Growth and in situ characterization of 2D materials by chemical vapour deposition on liquid metal catalysts: a review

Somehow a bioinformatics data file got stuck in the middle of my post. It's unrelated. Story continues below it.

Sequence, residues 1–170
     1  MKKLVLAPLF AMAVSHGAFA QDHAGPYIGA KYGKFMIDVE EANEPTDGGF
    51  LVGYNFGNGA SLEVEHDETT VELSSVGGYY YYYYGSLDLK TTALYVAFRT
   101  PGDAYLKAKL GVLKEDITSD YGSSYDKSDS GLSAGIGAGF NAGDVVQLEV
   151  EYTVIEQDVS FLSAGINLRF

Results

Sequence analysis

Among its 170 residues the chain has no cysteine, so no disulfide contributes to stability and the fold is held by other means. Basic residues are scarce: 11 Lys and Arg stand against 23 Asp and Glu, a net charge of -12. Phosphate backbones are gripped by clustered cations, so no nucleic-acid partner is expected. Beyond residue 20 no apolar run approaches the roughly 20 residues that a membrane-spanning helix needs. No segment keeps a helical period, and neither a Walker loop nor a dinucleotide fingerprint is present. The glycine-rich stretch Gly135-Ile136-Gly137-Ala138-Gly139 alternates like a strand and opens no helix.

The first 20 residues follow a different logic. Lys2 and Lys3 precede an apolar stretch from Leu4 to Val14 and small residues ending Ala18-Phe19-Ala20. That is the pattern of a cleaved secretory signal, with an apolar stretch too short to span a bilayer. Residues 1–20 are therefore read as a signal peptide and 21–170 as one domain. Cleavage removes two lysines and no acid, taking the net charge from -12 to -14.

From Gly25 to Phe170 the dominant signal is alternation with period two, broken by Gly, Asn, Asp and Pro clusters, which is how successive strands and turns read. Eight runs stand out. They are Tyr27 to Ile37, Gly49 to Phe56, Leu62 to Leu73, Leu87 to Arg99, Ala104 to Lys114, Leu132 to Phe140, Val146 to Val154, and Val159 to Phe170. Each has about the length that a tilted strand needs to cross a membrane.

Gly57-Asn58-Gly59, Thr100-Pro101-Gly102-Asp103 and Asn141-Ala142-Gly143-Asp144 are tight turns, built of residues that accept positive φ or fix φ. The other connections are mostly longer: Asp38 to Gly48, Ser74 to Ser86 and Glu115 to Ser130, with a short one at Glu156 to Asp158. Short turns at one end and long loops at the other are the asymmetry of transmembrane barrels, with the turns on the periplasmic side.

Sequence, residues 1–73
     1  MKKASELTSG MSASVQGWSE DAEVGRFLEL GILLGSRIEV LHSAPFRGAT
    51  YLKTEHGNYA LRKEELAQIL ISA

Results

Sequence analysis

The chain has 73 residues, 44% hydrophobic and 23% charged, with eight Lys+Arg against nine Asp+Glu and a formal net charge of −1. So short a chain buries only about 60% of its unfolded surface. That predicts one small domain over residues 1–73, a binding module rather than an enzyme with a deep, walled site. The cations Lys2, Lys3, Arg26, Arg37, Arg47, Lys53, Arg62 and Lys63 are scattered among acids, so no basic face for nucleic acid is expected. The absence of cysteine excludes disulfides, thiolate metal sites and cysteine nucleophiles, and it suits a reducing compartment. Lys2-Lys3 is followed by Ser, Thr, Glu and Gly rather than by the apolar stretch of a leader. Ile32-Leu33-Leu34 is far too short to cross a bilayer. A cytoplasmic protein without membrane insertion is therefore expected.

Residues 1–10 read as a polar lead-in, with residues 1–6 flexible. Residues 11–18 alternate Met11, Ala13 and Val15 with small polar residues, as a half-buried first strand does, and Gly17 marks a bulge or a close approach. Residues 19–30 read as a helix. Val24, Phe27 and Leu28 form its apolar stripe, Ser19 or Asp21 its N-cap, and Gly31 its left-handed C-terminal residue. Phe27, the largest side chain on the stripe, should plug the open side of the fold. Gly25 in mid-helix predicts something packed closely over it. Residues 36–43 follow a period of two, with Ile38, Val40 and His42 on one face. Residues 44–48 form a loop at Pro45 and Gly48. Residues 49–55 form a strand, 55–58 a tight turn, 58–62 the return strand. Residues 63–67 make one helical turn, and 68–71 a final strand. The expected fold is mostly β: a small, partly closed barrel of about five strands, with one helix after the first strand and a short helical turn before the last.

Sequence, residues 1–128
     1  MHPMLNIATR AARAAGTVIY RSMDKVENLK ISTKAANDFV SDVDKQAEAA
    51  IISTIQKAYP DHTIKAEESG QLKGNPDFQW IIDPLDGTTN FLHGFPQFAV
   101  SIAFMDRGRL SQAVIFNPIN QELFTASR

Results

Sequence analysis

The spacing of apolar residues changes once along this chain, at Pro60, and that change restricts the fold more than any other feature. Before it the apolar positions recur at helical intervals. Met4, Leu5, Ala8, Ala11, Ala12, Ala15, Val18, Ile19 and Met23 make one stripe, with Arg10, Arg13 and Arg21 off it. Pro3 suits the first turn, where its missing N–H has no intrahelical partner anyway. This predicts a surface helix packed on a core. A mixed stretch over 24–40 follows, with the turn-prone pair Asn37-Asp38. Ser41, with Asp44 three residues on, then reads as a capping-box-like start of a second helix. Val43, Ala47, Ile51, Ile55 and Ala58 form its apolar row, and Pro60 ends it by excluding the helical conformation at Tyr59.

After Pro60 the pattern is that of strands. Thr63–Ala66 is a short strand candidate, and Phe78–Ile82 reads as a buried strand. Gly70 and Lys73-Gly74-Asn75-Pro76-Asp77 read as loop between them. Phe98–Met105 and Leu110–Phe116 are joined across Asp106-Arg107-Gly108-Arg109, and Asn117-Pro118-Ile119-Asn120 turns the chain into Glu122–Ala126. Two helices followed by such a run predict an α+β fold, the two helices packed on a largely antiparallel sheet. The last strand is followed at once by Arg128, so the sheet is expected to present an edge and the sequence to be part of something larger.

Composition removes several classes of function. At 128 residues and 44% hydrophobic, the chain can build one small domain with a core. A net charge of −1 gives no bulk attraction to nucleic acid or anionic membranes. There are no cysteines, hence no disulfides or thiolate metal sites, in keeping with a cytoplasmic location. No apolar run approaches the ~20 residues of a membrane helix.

2D materials (2DMs) have now been established as unique and attractive alternatives to replace current technological materials in a number of applications. Chemical vapour deposition (CVD), is undoubtedly the most renowned technique for thin film synthesis and meets all requirements for automated large-scale production of 2DMs. Currently most CVD methods employ solid metal catalysts (SMCat) for the growth of 2DMs however their use has been found to induce structural defects such as wrinkles, fissures, and grain boundaries among others. On the other hand, liquid metal catalysts (LMCat), constitute a possible alternative for the production of defect-free 2DMs albeit with a small temperature penalty. This review is a comprehensive report of past attempts to employ LMCat for the production of 2DMs with emphasis on graphene growth. Special attention is paid to the underlying mechanisms that govern crystal growth and/or grain consolidation and film coverage. Finally, the advent of online metrology which is particularly effective for monitoring the chemical processes under LMCat conditions is also reviewed and certain directions for future development are drawn.